At rated voltage this represents an in-phase component of current as follows:

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4,000
IM = = 96 primary amperes.
24√3
or
96
IM = x 5 = 0.016 secondary amperes.
30,000

The GGP53C relay has a minimum pickup of 0.010 in-phase amperes at 120 volts. Since the rated
voltage of the machine (24,000 volts) is somewhat lower than that of the associated PT's (25,000
volts), the PT secondary voltage at rated machine voltage will be

24,000
x 120 = 115 volts.
25,000

At 115 volts the GGP53C relay will require

120
x 0.010 = 0.0104 secondary amperes
115

to pick up.

Since the in-phase component of the motoring current of the machine exceeds the relay pick-up
current, this is a good application.

It is important to note that the time delay setting employed should be long enough to override
momentary power reversals during synchronizing and system swings.

CAP15B Relay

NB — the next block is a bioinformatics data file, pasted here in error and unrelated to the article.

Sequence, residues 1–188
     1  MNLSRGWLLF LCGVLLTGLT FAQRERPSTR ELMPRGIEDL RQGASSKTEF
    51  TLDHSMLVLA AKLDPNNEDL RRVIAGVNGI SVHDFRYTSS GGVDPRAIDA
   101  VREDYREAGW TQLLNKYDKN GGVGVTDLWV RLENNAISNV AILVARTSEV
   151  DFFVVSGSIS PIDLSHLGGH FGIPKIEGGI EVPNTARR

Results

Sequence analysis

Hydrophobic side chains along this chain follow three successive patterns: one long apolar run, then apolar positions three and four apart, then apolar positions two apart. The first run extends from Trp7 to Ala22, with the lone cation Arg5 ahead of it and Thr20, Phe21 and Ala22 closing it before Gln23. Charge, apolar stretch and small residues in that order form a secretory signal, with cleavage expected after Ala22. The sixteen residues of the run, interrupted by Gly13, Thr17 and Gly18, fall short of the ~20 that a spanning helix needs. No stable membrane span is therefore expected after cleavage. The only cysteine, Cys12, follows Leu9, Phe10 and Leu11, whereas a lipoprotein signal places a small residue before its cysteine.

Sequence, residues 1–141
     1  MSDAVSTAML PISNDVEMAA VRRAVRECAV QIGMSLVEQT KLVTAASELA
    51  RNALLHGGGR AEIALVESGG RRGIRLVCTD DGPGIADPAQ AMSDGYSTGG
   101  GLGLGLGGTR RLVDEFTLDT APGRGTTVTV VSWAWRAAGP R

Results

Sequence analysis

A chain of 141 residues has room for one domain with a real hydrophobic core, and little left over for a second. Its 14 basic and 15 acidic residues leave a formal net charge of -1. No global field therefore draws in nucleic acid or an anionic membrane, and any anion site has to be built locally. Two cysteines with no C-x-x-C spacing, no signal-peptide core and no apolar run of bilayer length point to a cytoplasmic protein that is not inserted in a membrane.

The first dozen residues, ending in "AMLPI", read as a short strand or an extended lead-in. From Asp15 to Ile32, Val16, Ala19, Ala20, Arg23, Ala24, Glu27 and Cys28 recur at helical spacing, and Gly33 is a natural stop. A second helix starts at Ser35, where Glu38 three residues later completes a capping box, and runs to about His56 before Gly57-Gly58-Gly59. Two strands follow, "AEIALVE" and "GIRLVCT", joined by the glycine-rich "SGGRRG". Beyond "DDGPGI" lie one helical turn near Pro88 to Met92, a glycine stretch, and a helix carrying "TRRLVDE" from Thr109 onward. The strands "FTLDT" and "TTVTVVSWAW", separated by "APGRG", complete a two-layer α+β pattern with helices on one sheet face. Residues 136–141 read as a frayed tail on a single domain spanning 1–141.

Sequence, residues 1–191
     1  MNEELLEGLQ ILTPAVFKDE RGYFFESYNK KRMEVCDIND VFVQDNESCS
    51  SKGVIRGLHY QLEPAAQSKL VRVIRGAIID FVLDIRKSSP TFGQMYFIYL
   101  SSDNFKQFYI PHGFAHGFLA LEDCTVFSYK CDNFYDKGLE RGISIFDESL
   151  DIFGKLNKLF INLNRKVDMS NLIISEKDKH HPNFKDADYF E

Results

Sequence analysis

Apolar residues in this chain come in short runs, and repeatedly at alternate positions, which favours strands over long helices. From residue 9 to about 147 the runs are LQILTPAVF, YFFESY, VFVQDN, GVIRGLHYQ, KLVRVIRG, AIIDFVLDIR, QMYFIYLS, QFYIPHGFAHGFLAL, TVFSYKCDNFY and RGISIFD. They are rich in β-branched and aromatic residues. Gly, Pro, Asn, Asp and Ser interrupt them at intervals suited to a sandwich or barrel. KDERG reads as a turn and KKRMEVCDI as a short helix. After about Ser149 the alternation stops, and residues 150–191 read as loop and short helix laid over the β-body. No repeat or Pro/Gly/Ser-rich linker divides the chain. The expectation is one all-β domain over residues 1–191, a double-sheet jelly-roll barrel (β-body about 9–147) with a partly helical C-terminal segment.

Because of its sensitivity and real power directional characteristics, the CAP15B is a general pur-
pose reverse power relay. Since this relay is also a high-speed device, it should always be used
with a suitable timing relay in order to prevent undesired operations during system disturbances
which cause momentary power reversals.

Figure 4 illustrates how the CAP15B may be used in conjunction with an IAV51M a-c timing relay. It
should be noted that this combination is similar to the GGP53C relay in terms of sensitivity and
timing characteristics. Therefore, the GGP53C should be used unless the timing characteristics or
sensitivity are not suitable. If this is the case, some other IAV overvoltage relay may be selected
for the timing function or, if a d-c timer is desired, the connections illustrated in Figure 5 may be
used.

When the CAP15B is used with an IAV timing relay, or a SAM timing relay, as in Figures 4 and 5, no
holding coil or target is required. For this reason a form without a holding coil or target should be
selected, or if a relay with these devices is obtained, they should be by-passed in the relay.

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ICW51A Relay

The ICW51A Relay finds application on balanced three-phase systems where time delay reverse
power characteristics are required and extreme sensitivity is not essential. A typical application